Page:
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Becoming an Influential and Persuasive Speaker: Part 2

Education & Training

To be used in combination with “Becoming an Influential and Persuasive Speaker: Part 1”, this article will offer thoughts to consider when you are standing in front of your audience to make a presentation. All the points from Part 1 are relevant here, although you may not be engaging the audience in two-way dialogue until the question and answer period.

1. Lose Your Fear: There is no doubt that standing in front of an audience, no matter how small, can instill fear in even the most confident of us. It is a skill, however, that almost certainly increases your earning power and elevates your stature by earning people’s respect. The rewards that you will receive far outweigh any bruises to your ego with any minor mistakes that you will make along the way.

2. You Will Makes Mistakes: Like any other skill, your mastery of becoming comfortable in front of an audience improves with repetition and modification of your style as you learn and adapt from feedback and experience. The reality is that you will make far more of an issue of any mistake than your audience will and in many cases they won’t even notice. Practice makes perfect and every time you speak, you will become stronger, more confident and a better communicator.

3. Frame Your Thoughts And Notes Into Milestones: Depending on the situation, you may or may not have materials to reference at your fingertips. Either way, have your thoughts bucketed into several major milestones or reference points. This way, if you lose your train of thought, or get distracted with a question, you can comfortably return to either your physical or mental notes to continue talking.

4. Engage the Audience: If you are reading a speech, you will clearly have your reference material in front of you, but you must engage the audience with regular eye contact and adjusting the tone of your voice to appropriately emphasize certain points. If you keep your head down and read in a monotone, you will lose the audience quickly. Point #3 is important as you will be constantly looking up to make audience contact.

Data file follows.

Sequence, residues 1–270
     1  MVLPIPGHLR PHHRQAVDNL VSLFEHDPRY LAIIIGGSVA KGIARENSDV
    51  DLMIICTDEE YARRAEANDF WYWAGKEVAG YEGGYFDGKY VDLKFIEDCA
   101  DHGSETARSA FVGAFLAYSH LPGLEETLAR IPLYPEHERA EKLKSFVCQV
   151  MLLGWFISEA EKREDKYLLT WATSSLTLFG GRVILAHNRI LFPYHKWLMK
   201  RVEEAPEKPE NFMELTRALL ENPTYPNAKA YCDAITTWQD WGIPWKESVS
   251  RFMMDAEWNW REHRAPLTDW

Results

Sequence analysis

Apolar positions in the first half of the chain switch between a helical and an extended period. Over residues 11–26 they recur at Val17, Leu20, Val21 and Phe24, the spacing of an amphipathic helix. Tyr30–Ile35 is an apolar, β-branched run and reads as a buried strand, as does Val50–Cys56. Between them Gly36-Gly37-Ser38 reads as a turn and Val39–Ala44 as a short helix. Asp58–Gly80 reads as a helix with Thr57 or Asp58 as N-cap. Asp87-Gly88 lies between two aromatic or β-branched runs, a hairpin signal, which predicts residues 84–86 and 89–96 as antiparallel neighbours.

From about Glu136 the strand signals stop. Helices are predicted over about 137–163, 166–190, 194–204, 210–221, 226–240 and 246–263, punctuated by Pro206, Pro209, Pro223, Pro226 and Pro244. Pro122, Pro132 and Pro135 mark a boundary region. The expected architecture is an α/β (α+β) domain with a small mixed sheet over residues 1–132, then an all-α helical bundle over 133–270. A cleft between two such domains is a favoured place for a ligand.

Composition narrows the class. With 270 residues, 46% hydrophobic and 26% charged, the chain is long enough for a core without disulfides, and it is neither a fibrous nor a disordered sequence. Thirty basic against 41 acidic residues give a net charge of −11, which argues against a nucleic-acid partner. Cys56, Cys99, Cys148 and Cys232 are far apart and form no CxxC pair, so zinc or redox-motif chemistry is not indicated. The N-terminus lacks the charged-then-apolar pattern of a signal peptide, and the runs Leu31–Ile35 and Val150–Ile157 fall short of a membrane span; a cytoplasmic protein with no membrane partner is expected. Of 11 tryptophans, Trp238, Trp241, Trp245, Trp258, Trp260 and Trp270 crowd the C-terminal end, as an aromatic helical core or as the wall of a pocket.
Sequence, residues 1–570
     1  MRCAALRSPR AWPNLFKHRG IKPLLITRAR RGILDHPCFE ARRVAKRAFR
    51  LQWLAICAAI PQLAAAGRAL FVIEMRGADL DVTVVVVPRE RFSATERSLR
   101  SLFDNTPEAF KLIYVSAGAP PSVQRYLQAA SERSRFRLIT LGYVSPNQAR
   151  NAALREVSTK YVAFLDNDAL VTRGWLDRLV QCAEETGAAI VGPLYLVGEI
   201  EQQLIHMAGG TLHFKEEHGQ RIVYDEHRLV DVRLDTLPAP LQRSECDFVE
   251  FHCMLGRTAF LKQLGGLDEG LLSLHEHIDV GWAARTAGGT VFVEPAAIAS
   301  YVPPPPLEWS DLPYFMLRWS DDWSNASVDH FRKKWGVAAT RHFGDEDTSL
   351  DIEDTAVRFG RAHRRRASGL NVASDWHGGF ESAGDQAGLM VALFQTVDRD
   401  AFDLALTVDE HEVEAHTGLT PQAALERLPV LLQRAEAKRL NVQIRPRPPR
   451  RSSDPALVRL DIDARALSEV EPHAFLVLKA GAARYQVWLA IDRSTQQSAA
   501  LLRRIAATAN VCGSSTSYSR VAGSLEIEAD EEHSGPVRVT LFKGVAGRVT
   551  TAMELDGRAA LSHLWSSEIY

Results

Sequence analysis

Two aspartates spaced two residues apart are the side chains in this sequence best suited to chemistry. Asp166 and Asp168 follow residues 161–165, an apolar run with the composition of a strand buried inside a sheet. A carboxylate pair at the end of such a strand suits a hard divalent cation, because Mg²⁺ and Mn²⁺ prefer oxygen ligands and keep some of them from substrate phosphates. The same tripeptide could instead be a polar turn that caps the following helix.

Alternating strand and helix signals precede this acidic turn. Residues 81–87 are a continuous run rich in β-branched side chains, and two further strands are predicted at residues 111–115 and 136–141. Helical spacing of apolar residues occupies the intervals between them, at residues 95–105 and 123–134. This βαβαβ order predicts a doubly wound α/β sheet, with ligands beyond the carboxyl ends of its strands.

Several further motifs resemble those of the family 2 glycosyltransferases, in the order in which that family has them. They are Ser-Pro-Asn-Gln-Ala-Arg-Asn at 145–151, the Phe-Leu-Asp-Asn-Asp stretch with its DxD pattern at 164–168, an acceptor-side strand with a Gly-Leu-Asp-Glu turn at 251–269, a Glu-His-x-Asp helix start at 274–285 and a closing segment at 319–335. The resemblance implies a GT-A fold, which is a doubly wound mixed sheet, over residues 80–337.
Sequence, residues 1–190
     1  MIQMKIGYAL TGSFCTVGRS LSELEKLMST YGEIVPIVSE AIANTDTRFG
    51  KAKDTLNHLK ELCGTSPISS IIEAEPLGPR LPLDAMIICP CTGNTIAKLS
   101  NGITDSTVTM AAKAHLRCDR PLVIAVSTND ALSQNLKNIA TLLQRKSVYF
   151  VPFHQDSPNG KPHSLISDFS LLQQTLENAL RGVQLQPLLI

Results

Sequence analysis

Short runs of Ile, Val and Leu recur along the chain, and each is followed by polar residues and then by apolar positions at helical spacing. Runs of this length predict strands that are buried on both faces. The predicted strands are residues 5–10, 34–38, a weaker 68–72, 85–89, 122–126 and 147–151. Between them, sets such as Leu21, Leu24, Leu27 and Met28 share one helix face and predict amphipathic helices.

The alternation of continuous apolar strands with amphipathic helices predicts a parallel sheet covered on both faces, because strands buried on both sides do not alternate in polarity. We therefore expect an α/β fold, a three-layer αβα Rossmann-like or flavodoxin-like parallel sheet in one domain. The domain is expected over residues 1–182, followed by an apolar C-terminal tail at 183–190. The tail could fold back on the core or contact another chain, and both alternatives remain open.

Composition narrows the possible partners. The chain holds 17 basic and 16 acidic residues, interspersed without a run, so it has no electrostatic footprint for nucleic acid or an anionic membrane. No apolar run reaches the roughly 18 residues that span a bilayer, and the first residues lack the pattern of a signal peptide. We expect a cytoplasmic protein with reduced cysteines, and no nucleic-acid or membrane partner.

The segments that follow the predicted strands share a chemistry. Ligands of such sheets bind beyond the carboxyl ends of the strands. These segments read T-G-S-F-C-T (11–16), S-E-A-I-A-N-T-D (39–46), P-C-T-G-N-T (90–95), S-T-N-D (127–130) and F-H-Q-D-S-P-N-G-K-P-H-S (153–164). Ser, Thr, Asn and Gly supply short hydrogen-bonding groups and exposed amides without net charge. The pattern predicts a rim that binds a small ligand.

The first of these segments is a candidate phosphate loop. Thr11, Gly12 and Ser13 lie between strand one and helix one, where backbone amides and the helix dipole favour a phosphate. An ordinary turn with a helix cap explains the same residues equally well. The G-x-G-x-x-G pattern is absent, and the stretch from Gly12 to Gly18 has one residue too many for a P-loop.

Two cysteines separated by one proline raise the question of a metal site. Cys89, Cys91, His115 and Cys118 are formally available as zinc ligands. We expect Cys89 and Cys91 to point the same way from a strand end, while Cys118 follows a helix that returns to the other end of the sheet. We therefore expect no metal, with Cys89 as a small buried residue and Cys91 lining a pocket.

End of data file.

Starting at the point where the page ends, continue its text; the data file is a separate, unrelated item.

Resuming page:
5. Don’t Read PowerPoint Slides: The audience can read and they can do it faster than you can talk. You must use the slides as a reference to make your points and supplement the dialogue with new facts and anecdotes to keep the audience interested and engaged. If appropriate, flowing the bullet points or text so they appear one at a time can be a way to control the presentation and make your point with the right timing.

6. Pace Yourself, Relax and Breathe: A normal reaction for new speakers is to get nervous and talk too quickly to rush to the finish. Fight this reaction by planning how long your talk needs to be and then breaking it into rough time frames of how long for each section. Breathe deeply prior to the start and make sure that you go slow and breathe during your talk. If you make a mistake, shrug it off and move on - don’t dwell on it.

7. Practice and Consider Video Recording Your Rehearsal: You must practice before any presentation, even after you become a master of speaking to audiences of any size. Do not get frustrated and keep at it until you get more comfortable with your content and presentation. Consider video recording yourself to see how you appear to the audience and make any needed corrections. This is particularly helpful for new speakers to identify any habits or mannerisms that could be distracting to the audience.

Best Regards,

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